SEO Myths – Page Rank
As we all know, Page Rank is what Google has built its success upon. It’s the formula that tells Google how important a website is, and it is one of the key bits of data Google uses when ranking results, each and every time you perform a search.
It has been used for many years by SEOs as a way to judge the importance of their website, decide if a site is worth approaching for a link, and increasingly to work out if a site has been removed from Google’s index. However, discussion on Page Rank is full of misunderstandings from both the industry and clients at our SEO company in Kent, so we have set out to dispel some of the more common Page Rank myths.
“My Toolbar Tells Me A Site’s Page Rank”
If you forget everything else about Page Rank, there is one thing you must remember. You will never know a website’s true page rank. Take a look at that little bar you’ve got in the corner of your browser that tells you a number from 1-10 for every site you land on – the chances are it’s wrong.
There are two types of page rank, true page rank (PR) and toolbar page rank (TBPR)
1. Page Rank is a closely guarded secret, and the chances are that no one (even those within Google) do not know the exact Page Rank of any site. First of all, it is calculated to way more decimal places than the basic set of 10 integers that your toolbar shows, and it is continuously recalculated by Google’s algorithms.
2. Toolbar Page Rank is the value displayed in your search bar. It is a rounded approximation of the Page Rank value that Google holds, and it is updated on average once every 3-6 months.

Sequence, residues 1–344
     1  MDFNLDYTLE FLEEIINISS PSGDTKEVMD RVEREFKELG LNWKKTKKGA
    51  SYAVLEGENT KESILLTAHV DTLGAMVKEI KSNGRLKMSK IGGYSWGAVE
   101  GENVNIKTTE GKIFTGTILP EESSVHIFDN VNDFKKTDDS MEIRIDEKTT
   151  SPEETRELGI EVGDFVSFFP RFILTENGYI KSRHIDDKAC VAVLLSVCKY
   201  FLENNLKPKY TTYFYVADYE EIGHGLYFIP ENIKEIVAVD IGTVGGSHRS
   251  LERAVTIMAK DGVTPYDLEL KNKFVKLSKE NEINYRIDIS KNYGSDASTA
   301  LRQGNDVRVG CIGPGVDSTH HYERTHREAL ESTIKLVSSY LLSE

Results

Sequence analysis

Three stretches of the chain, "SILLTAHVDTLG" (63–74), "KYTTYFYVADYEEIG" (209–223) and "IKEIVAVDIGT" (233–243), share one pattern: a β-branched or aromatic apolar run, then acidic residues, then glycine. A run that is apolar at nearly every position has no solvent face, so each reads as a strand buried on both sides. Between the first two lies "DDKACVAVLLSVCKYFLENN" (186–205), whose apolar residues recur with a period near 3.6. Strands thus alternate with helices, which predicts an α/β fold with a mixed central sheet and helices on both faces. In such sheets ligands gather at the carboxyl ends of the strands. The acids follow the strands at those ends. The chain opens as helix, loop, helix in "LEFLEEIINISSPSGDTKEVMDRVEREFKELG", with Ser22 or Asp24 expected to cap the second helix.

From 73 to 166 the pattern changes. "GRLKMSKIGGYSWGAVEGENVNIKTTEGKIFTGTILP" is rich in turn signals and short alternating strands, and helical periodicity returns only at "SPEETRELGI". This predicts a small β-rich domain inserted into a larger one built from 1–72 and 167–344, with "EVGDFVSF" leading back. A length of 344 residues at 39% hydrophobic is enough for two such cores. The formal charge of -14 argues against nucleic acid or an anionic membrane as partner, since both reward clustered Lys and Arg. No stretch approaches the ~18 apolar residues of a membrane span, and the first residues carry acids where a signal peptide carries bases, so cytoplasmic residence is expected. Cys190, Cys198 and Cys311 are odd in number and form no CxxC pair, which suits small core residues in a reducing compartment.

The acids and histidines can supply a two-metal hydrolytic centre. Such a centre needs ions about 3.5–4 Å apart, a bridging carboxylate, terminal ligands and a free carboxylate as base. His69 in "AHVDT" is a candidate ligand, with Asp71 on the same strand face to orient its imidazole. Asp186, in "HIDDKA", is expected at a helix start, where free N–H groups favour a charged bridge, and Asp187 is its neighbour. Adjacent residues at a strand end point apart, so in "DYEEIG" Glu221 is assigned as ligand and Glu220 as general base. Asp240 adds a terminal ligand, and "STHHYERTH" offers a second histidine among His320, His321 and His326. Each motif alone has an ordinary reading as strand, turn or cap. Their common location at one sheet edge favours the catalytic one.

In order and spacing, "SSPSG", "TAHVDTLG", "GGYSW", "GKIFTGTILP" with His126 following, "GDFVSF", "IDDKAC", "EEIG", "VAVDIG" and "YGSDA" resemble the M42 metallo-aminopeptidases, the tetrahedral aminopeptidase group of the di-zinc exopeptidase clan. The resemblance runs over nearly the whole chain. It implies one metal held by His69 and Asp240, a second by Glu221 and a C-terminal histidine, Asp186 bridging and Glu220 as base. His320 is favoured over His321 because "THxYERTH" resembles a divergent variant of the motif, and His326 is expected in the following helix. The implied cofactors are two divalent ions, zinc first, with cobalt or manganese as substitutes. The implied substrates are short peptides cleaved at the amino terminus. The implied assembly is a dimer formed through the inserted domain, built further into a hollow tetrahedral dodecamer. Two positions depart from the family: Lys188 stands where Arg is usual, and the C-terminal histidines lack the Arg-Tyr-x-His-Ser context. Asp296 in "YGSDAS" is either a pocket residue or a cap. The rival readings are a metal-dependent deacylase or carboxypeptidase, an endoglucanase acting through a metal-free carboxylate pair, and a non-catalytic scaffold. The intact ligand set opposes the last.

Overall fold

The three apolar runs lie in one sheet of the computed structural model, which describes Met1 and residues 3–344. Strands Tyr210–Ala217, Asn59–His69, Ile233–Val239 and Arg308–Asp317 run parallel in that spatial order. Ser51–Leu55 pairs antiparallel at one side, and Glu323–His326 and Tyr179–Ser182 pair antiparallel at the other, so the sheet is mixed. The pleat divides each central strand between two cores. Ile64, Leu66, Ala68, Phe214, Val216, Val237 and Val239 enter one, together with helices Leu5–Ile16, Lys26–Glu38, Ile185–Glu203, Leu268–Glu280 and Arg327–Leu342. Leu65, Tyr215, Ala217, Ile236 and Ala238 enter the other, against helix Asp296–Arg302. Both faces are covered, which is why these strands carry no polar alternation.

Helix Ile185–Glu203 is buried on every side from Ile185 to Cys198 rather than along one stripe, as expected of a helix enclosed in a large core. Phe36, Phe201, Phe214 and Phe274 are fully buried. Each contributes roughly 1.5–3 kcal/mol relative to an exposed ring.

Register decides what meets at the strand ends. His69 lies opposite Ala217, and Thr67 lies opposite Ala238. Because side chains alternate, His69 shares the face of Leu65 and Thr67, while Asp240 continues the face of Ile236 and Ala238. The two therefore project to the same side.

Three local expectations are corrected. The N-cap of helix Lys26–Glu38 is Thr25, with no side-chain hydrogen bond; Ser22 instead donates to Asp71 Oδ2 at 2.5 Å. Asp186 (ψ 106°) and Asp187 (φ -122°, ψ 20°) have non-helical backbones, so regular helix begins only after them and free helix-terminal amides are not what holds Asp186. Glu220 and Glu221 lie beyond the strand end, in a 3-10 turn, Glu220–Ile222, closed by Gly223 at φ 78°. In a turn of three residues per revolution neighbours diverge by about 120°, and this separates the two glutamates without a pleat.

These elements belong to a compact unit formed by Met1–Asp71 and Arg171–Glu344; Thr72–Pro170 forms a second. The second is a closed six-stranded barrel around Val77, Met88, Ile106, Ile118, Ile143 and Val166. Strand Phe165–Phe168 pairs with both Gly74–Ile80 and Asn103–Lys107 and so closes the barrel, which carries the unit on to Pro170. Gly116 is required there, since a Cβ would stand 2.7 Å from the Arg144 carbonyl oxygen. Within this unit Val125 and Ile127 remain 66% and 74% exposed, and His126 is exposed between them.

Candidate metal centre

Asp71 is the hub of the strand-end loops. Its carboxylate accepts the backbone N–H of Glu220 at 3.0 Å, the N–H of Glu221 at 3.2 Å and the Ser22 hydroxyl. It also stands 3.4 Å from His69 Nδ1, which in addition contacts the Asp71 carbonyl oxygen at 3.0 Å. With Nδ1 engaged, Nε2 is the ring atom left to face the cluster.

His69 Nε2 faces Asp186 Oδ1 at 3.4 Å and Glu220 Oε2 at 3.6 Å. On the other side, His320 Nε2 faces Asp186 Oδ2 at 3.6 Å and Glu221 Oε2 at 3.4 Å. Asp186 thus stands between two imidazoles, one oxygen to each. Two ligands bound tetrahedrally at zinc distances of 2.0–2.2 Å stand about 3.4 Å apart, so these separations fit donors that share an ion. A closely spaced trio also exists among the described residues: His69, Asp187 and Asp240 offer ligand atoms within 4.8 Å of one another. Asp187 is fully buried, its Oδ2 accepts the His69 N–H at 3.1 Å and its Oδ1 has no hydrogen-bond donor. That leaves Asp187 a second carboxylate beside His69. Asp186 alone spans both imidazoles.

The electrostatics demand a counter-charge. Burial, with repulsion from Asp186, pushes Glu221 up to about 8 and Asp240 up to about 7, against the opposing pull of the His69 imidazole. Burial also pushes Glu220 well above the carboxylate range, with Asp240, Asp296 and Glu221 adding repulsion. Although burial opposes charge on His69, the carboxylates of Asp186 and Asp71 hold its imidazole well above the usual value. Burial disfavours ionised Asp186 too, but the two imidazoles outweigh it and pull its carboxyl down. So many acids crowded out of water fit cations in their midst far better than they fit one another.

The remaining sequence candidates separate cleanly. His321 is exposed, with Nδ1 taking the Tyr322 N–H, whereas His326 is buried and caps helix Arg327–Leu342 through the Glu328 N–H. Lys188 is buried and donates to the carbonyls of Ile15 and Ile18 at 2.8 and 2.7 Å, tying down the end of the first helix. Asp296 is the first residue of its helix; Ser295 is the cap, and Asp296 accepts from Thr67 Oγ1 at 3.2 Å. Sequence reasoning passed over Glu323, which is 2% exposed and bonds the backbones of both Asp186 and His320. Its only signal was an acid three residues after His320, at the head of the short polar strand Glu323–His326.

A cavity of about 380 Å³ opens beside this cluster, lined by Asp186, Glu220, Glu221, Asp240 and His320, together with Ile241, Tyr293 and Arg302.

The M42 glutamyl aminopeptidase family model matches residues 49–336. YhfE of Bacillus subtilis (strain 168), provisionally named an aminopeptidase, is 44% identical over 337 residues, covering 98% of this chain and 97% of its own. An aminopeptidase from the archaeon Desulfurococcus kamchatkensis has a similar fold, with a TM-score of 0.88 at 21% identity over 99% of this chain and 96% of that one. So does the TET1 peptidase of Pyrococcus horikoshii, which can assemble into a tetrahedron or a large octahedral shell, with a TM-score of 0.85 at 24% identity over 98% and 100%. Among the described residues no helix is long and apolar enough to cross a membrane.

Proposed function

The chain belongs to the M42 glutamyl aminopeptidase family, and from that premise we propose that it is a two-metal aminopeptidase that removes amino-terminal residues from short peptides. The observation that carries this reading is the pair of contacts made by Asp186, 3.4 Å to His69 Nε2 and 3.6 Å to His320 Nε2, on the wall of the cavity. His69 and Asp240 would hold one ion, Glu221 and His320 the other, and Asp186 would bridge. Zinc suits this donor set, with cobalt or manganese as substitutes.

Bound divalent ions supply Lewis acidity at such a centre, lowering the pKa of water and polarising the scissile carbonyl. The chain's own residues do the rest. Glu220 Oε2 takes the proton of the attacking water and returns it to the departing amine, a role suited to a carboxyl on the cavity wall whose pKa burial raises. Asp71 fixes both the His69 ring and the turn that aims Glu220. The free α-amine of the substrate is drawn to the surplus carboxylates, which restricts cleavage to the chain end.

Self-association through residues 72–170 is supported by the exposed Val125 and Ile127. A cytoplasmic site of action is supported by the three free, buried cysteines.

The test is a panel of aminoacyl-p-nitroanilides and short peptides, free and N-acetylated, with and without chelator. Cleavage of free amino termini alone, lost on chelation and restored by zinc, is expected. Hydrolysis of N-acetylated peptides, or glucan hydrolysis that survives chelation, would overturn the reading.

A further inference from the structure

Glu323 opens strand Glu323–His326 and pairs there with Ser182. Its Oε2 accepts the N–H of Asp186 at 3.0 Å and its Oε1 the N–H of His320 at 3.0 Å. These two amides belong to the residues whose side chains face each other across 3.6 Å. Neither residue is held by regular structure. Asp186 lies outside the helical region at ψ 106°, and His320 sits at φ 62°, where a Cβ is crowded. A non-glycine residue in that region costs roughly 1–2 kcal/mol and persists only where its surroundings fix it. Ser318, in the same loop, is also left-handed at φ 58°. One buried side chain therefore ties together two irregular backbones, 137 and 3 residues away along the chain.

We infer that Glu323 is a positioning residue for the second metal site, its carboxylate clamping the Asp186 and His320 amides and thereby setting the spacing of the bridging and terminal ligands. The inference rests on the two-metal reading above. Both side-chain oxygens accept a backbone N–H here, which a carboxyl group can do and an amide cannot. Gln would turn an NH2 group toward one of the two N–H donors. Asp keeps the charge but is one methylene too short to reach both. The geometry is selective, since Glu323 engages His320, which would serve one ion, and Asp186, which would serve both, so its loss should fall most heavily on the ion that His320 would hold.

“My Website Is PR 5”
It’s not, neither is it PR 1, 2, 3, 4, 6, 7, 8, 9 or 10. Your homepage might be, but Page Rank is calculated for each individual web page, not for a domain as a whole. Unless you have a website with only 1 page (or a few very well linked pages), your website’s page rank will vary dramatically as you navigate across the site.
If you’re using PR as a metric for measuring the quality of a site, don’t make the mistake of landing on a deep page, noticing your TBPR reading is 0 and thinking “oh this site isn’t worth getting a link from”. Take the following two pages for example:
1. A story on BBC news from 2003 about Christmas TV viewing figures. TBPR 0: http://news.bbc.co.uk/1/hi/entertainment/tv_and_radio/3351375.stm
2. The BBC news homepage. TBPR 9: http://www.bbc.co.uk/news/
Would you turn down a link from BBC News? I think not.
“Page Rank is Dead”
People in SEO seem to love declaring that things are dead, SEO itself is often declared as being dead. The prognosis is not good for Page Rank, but writing the obituary would be premature. Although it’s influence on rankings is continuously diminishing and the current algorithm is a far cry from the original concept, Larry Page’s formula was incredible and it still has a huge impact on the way Google ranks results.
If your homepage is showing as PR 7, you can be proud. If you get offered a link from a site that is PR 8, then seriously consider taking up the offer. If your homepage drops from PR 7 to PR 0, you have a problem. In short, Page Rank still matters.
“Page Rank Is Named As Such Because It Indicates Where That Page Will Rank”
This one is just a little bit of trivia. The name ‘page rank’ is nothing to do with web pages. It’s named after Larry Page, the co-founder of Google who came up with the original formula.
The bottom line is to use Page Rank, but use it carefully, and don’t go checking to see if it’s changed every time you get a new inbound link. It is important when used in context, but taken on its own as the sole way to rank a site it’s useless, and an ethical SEO company will treat it with a pinch of salt. Like all things in SEO, there’s more to it than just one factor.